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An Extraordinary Driver’s Licence (EDL) is a conditional driver’s licence which can be granted by a Court in certain circumstances. An EDL may be granted where a person is otherwise disqualified from holding a driver’s licence. Such a licence will have conditions attached to it which can restrict:
If a person is granted an EDL it will be current until the end of the period for which it was granted or until the person’s disqualification ends.
Pursuant to section 27 of the Road Traffic (Authorisation to Drive) Act 2008 (WA), (The Act), a person who is disqualified from holding a driver’s licence under The Act or any other written law in WA may apply to a Court for an order directing the CEO (Chief Executive Officer of the Department of Transport) to grant an EDL.
There are some exceptions to the above general rule.
Pursuant to section 27(3) of The Act, a person cannot apply for an EDL if that person:
Section 28 of the Road Traffic (Authorisation to Drive) Act 2008 (WA), sets out when a person who receives a driver’s licence disqualification becomes eligible to apply for an EDL. The default period is 21 days after the disqualification; however, for certain classes of disqualification, the period a person must wait can be 2, 3 or 4 months:
A person must wait 4 months before applying for an EDL If the person was disqualified for:
A person must wait 3 months before applying for an EDL if the person was disqualified for;
A person must wait 2 months before applying for an EDL if the person was disqualified for:
For any other disqualification a person must wait 21 days before being able to make an application for an EDL.
If a person was served with a disqualification notice by police, pursuant to section 71C of the Road Traffic Act 1974 (WA), then any period of disqualification under that notice is counted towards the relevant waiting period as above.
Conversely, if a person was imprisoned as a result of the disqualifying offence, any term of imprisonment is not counted towards the relevant waiting period.
If a person’s driver’s licence was disqualified by the Supreme Court or District Court any application for an EDL must be made in the Court which imposed the disqualification.
Where the disqualification was made by a Court of summary jurisdiction – for example, the Magistrates Court – or arose by virtue of the operation of a provision of a road law, any application for an EDL must be made to the Magistrates Court, or, if the applicant is a child, the Children’s Court.
When hearing an application for an EDL, the Court can – pursuant to section 30 of the Road Traffic (Authorisation to Drive) Act 2008 (WA), – grant the application for a period of not more than 12 months or it can refuse the application.
In making such a decision, the Court will take into account such things as:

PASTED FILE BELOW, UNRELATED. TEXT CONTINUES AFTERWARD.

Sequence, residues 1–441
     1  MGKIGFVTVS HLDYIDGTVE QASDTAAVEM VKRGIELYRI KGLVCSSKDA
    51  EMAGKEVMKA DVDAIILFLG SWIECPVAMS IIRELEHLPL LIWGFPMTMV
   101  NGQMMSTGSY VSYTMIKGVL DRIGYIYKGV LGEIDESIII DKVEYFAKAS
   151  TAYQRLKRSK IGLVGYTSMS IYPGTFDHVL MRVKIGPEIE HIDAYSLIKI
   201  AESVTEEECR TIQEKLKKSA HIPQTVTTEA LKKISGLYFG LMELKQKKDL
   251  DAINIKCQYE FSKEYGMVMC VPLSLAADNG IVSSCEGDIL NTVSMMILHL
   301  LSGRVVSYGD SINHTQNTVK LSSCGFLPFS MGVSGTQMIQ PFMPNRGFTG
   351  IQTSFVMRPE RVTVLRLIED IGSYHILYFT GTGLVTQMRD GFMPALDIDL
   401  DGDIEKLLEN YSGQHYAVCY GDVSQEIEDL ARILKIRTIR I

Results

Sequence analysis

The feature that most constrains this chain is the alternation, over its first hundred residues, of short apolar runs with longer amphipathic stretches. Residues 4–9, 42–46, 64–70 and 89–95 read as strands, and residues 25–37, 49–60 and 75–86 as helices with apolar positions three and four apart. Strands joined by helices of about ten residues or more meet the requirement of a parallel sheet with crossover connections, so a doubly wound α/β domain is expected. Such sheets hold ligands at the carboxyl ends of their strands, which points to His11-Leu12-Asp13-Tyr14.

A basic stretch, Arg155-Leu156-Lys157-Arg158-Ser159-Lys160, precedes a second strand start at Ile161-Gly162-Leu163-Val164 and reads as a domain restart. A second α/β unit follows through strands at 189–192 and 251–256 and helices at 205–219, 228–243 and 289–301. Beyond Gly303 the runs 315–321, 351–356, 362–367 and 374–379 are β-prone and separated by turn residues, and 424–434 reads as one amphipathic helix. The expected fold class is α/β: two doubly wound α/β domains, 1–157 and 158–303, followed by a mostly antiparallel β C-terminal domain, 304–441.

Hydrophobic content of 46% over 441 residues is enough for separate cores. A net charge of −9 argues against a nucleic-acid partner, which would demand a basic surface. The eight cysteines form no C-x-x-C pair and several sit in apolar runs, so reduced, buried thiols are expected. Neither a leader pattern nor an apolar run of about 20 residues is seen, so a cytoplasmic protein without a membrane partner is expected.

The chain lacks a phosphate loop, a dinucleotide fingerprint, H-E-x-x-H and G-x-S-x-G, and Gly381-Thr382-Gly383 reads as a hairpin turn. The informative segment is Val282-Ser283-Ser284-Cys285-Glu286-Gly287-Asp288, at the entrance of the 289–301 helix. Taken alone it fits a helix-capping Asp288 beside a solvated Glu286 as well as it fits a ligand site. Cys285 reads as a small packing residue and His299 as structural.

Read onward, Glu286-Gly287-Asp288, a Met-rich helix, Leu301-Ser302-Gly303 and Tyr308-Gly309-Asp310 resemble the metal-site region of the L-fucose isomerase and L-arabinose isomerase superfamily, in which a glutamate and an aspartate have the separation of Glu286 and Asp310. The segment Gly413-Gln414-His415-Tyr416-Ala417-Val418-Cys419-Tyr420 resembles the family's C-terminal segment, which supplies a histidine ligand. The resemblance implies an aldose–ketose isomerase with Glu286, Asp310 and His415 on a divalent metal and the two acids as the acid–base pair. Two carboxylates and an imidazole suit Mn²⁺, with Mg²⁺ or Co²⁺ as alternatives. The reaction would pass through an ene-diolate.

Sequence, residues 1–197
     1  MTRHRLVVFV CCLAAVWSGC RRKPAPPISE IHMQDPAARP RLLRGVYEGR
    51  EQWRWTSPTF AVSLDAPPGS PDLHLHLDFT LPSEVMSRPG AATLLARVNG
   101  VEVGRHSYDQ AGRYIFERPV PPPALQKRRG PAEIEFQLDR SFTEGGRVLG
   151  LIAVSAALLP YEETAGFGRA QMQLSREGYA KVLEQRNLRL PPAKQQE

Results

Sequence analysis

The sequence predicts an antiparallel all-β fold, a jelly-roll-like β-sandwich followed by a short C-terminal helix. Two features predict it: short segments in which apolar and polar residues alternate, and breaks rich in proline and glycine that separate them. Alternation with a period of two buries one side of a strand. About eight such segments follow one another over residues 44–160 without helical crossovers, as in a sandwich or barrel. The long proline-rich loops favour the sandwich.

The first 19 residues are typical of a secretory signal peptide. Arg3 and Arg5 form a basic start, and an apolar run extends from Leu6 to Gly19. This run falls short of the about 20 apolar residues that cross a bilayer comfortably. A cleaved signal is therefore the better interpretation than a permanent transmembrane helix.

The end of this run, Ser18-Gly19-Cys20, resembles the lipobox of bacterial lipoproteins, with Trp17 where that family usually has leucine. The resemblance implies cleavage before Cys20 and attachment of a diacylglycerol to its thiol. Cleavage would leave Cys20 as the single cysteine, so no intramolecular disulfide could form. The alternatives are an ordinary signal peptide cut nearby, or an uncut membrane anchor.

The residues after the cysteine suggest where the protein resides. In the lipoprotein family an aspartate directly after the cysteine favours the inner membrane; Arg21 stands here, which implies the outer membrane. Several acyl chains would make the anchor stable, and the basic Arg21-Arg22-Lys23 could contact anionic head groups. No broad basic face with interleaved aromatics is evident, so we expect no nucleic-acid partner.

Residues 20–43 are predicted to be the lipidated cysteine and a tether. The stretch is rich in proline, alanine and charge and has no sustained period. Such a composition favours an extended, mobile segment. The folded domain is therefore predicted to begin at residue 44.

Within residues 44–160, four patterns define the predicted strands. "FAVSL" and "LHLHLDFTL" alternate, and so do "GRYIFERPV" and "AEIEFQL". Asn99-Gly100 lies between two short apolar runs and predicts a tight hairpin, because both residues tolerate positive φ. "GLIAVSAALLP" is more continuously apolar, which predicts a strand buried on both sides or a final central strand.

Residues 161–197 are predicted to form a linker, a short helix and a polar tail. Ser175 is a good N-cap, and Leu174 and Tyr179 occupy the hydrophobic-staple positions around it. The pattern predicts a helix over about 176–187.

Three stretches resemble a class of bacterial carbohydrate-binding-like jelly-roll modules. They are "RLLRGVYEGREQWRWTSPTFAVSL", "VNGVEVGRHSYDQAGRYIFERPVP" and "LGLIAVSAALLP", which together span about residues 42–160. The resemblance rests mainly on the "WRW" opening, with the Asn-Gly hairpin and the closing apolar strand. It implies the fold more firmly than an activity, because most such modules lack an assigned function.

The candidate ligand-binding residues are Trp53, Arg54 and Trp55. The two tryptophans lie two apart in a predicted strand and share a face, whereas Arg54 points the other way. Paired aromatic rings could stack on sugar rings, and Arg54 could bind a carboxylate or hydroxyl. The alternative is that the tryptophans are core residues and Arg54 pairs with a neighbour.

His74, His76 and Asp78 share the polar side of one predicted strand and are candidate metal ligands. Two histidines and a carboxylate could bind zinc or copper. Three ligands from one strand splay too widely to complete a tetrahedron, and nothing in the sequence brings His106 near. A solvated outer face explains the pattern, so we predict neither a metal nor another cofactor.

The Court may only grant an application for an EDL after consideration of the above factors AND if satisfied that a refusal of the application would:
If an application for an EDL is refused by the Court, the person may not make another application for an EDL for 6 months after that refusal.
Pursuant to section 35 of the Road Traffic (Authorisation to Drive) Act 2008 (WA), an application to vary the conditions of an EDL or to cancel certain conditions and replace them with other condition/s can be made by the person to whom the EDL was granted or the CEO (Chief Executive Officer of the Department of Transport).
The Court hearing the application for variation can grant the variation/s sought if it is satisfied it is necessary on the basis the applicant has;
The CEO may also make an application to cancel an EDL. If such an application is made, the Court will grant the order if it is satisfied:
Pursuant to section 38 of the Road Traffic (Authorisation to Drive) Act 2008 (WA), a person who is granted an EDL commits an offence if they do not comply with the conditions that the Court imposed when granting the application or any subsequent variation. A person charged with failing to comply with the conditions of an EDL can be fined up to a maximum of 24 penalty units. A penalty unit is $50.00 as at 1 July, 2018. Therefore the fine is currently up to $1,200.00.
In addition to a fine the Court must also order that the EDL be cancelled unless the Court is satisfied that any special circumstances of the case mean it would be an adequate punishment to impose a fine only.
This offence is heard summarily in the Magistrates Court.
Traffic offences are treated seriously in Western Australia. If you have been in an accident, received a licence suspension or received a charge and summons to attend court, it is important to obtain competent legal advice as early as possible. Our lawyers are highly experienced and understand the difficulties you face without a licence. We can guide you through the process while dealing with the various authorities related to your matter.
Contact Armstrong Legal:
Perth: (08) 9321 5505
Sydney: (02) 9261 4555
Melbourne: (03) 9620 2777
Brisbane: (07) 3229 4448
Canberra: (02) 6288 1100